Edgar Alan Poe

Edgar Allan Poe

Edgar Allan Poe was quite short, around 5 feet 6 inches, and had a large head that was too big for his body. Despite this, he was always sharply dressed and was considered very handsome by women of his time.

Why is Edgar Allan Poe famous?

Edgar Allan Poe was one of the most important American fiction writers of the mid-19th century, authoring a number of incredibly influential short stories and poems that helped establish the modern genres of horror, suspense, and mystery.

When did Edgar Allan Poe live?

Edgar Allan Poe was born on January 19, 1809, in Boston, Massachusetts. He died at age 40 on October 7, 1849 in Baltimore, Maryland. The exact cause of death is still unknown.

What did Edgar Allan Poe do?

Orphaned at a young age, Poe nevertheless managed to have a fairly comfortable upbringing thanks to a well-off foster family. His talent for reading and writing emerged early, and he was able to enroll in the University of Virginia as a student of literature at only 17. After a failed army career in his early 20s, he began to submit stories and poems to prominent literary magazines across America’s east coast, and quickly found many clients eager to publish his writing.

For the rest of his life, Poe moved around the eastern United States working for various magazines, sometimes as a writer and sometimes as an editor, but always generating popular and entertaining short works of fiction. One of the early masters of horror and suspense, Poe’s short stories and lengthy poems were known primarily for their grotesque themes of death, torture, and the occult, which, although disturbing to read, were also tremendously creative and undeniably entertaining.

Many of Poe’s most famous works tell tales of a troubled hero undergoing some form of psychological torment in a claustrophobic setting. In The Pit and the Pendulum (1843), for instance, a prisoner is strapped to a board in a tiny cell as an enormous swinging blade slowly descends, while Poe’s most famous poem, The Raven (1845), a widower is endlessly harassed by a cruel talking bird reminding him of his loneliness. Other works used themes of horror in different ways; The Murders in the Rue Morgue (1841), a story of a police officer gradually solving a grisly murder, is considered one of the first true “detective novels,” while stories like Hans Phaall (1835) and Mellonta Tauta (1849), which center around vivid descriptions of fantastical futuristic technology, have been described as early science fiction.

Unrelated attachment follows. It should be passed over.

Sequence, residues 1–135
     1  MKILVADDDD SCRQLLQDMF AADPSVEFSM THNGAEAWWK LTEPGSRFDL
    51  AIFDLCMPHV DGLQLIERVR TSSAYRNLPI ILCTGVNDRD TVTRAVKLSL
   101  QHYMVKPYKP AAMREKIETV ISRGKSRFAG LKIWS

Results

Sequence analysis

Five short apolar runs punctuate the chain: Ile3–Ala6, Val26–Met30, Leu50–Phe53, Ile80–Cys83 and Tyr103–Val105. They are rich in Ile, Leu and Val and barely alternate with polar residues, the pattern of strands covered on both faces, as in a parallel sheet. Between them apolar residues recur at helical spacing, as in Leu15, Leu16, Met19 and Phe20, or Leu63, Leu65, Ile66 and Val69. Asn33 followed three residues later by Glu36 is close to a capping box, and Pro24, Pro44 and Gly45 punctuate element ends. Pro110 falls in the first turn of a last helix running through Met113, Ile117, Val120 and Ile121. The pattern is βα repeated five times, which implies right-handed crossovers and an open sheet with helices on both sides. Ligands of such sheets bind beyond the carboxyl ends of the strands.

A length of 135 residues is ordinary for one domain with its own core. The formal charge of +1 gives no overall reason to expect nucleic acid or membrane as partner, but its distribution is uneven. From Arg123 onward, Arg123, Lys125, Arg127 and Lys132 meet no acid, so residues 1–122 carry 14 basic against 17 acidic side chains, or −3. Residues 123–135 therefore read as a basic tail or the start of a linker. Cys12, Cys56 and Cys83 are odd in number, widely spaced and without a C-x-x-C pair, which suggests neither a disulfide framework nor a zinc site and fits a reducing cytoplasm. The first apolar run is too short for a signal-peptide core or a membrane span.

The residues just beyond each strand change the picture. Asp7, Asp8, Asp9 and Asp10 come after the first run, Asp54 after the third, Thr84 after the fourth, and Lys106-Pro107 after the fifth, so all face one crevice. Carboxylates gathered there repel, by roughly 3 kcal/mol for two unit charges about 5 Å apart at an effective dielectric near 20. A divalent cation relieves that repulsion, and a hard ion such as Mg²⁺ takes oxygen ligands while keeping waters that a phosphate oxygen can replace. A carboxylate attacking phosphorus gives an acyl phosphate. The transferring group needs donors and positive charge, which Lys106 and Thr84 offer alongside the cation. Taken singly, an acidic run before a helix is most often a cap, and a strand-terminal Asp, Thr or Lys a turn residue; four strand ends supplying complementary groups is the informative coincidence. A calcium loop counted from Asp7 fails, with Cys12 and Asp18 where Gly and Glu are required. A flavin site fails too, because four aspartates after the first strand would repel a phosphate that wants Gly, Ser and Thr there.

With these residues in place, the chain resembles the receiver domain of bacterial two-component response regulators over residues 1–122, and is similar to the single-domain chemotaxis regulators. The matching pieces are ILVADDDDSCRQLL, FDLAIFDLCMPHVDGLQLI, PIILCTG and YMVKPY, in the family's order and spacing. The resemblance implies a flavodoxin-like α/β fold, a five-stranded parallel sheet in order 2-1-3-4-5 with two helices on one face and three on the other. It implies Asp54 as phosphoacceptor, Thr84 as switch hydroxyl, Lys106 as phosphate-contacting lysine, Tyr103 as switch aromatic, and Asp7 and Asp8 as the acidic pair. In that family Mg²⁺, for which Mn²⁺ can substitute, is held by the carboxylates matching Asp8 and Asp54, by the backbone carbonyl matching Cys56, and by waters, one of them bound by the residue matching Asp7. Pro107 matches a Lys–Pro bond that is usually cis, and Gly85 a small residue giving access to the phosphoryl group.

What was Edgar Allan Poe like?

Edgar Allan Poe lived a sad and tortured life not unlike many of the characters he created — indeed, his own psychological problems clearly helped inspire his realistic depictions of depression and anxiety. An immature and needy man who never fully adjusted to the loss of his mother and father, much of Poe’s life was dominated by tense relationships with indifferent foster parents. His short-lived marriage to his beloved 13-year-old cousin (considered strange and immoral even in those days) was no less troubled, and her premature death only worsened the sadness and self-pity of an already deeply fragile and sensitive man.

To escape his troubles, Poe frequently turned to liquor, a harmful addiction made even worse by the fact that he suffered from some sort of medical condition — probably diabetes or a brain lesion — that caused him to get severely drunk even when drinking very little. Poe’s short life contains many stories of drunken misbehavior, and his premature death at age 40, though mysterious, clearly came at the end of a particularly harsh bender. He liked to gamble, but was bad at it.

Despite his demons, Poe had strong willpower, and his work was rarely affected by his depression or drinking. A handsome and theatrical man, he enjoyed giving dramatic readings of his stories and poetry before captivated audiences, and enjoyed considerable fame as one of the major literary celebrities of his age, both in America and abroad. Women in particular found him quite charming, and following his wife’s death he often sought “comfort” from his large circle of female groupies. Proud of his work and pleased with his reputation, Poe nevertheless struggled with money problems for most of his life, and died famous, but not wealthy.

Americans That Matter is an ongoing effort to offer concise biographies of Americans who have made a difference in the world — for good or ill — through their ideas, inventions, and achievements.

This site was written and illustrated by J.J. McCullough, a Canadian-born Americanophile. Edited by @NathanTsui.

For questions, comments, or feedback, email him at jjmccullough@gmail.com

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